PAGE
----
Structuring input sessions

Topic Focus

To consider how we can structure effective input sessions.

30 minutes

In this topic we will look at some examples of different ways of structuring input sessions. Although the different models exemplify sessions focusing on certain areas of teaching, they can be adapted for use in sessions dealing with a variety of different topics.

Task 1: Using video observations (Model 1)

This model is for an input session on teaching grammar. Click on each title to read more about the stage. Then put the suggested stages into what you consider to be the most logical order. Finally, compare with our suggested sequence.

Task 2: A trainer-led demonstration (Model 2)

In this session on teaching reading the trainer acts as the model for teaching.

Task 3: Using texts (Model 3)

This is a session on teaching writing.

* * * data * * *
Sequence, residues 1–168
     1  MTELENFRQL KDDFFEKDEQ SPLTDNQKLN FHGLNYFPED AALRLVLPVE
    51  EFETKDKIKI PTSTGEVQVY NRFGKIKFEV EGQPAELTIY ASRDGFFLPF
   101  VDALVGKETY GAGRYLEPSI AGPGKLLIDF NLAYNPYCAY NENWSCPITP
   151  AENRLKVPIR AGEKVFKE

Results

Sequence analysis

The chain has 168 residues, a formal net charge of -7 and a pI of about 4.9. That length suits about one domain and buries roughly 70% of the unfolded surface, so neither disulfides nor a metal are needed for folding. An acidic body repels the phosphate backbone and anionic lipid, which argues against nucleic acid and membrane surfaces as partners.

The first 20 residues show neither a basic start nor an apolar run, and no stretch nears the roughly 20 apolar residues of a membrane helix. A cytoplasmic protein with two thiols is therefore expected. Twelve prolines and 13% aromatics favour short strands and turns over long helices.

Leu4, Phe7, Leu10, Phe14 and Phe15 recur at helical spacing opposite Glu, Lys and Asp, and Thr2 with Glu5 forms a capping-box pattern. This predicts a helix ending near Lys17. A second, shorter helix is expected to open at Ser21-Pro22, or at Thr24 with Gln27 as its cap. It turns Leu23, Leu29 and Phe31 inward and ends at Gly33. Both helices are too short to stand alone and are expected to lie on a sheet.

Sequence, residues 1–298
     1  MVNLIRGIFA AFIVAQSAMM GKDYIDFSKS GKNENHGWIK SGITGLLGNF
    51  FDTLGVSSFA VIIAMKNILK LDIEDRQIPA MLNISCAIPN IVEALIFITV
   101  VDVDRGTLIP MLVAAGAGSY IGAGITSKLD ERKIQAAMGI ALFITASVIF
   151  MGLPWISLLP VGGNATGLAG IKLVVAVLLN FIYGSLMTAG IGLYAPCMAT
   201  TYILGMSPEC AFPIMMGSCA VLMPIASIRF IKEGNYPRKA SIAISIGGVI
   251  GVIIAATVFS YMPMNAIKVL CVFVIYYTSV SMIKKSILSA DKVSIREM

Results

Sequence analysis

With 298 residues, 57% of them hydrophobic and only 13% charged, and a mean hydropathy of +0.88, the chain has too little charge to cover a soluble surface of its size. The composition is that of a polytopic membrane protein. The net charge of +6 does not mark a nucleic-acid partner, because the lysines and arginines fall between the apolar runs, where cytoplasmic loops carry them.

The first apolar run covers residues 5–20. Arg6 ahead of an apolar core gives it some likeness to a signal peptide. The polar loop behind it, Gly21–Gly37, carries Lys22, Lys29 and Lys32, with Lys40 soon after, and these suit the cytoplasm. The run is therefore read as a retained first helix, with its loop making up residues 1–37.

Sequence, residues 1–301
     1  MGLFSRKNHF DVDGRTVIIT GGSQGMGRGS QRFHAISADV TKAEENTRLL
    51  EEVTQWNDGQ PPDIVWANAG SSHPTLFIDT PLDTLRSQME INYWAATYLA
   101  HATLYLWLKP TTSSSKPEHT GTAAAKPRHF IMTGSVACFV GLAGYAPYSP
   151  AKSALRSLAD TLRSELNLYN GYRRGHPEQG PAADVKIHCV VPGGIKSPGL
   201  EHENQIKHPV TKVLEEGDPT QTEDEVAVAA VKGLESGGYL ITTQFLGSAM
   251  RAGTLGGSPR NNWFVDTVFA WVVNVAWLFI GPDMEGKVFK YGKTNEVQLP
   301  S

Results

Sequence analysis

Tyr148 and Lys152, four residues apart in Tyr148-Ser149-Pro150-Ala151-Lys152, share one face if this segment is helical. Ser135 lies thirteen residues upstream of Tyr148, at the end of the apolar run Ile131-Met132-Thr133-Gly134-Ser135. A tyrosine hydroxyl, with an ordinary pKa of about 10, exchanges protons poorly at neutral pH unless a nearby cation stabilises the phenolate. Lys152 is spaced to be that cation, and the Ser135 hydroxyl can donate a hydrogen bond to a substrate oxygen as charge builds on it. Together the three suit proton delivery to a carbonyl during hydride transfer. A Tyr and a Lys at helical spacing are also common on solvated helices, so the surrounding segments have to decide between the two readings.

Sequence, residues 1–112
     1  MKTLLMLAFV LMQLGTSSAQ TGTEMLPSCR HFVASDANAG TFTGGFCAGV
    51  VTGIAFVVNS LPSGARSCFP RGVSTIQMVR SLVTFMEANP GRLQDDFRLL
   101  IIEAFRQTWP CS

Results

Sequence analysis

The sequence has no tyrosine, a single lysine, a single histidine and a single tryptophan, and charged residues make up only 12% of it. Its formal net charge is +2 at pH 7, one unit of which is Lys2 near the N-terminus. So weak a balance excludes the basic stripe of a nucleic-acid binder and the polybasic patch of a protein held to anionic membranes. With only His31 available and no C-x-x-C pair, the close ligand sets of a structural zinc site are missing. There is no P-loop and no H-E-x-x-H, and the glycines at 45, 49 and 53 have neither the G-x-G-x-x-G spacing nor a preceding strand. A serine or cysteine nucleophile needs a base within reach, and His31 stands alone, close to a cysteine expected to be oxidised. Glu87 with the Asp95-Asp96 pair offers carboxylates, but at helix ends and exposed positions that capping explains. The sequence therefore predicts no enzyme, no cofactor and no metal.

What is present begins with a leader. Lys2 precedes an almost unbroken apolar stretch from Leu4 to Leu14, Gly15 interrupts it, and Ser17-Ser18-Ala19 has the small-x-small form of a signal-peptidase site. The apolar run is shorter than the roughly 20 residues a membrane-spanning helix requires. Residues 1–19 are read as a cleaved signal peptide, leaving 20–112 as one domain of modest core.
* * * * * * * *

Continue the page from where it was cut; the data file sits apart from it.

Task 4: A workshop approach (Model 4)

This is a suggested sequence for a workshop on classroom management.

Task 5: Flipped input (Model 5)

How would you structure input on teaching vocabulary taking a flipped approach? Draw on your experience where possible. Make some notes. Then compare your ideas with ours. Again, what similarities and differences are there?

Before the input session: Trainees watch a vocabulary lesson and read about how to teach vocabulary. They make a note of different techniques and what it means to know a word.

Lead-in: Trainees discuss their answers to the pre-input session tasks producing a list of good practice for teaching vocabulary. 

Planning: Working in pairs, teachers are given a list of words and have to produce a context and plan how to teach their words.

Discussion: Trainees are regrouped and either describe their ideas or peer teach their vocabulary presentation. 

Reflection: Trainees give feedback to each other on the good aspects of their vocabulary presentations as well as some suggestions for improvement. The trainer also feeds in further advice. 

Task 6: Reflection

Make some notes in your journal. 

Which of these approaches would be (un)suitable in your context?
How could they be adapted to make them more relevant for the  teachers you work with?
Can you think of any other way(s) of structuring a workshop that have worked/would work well in your context?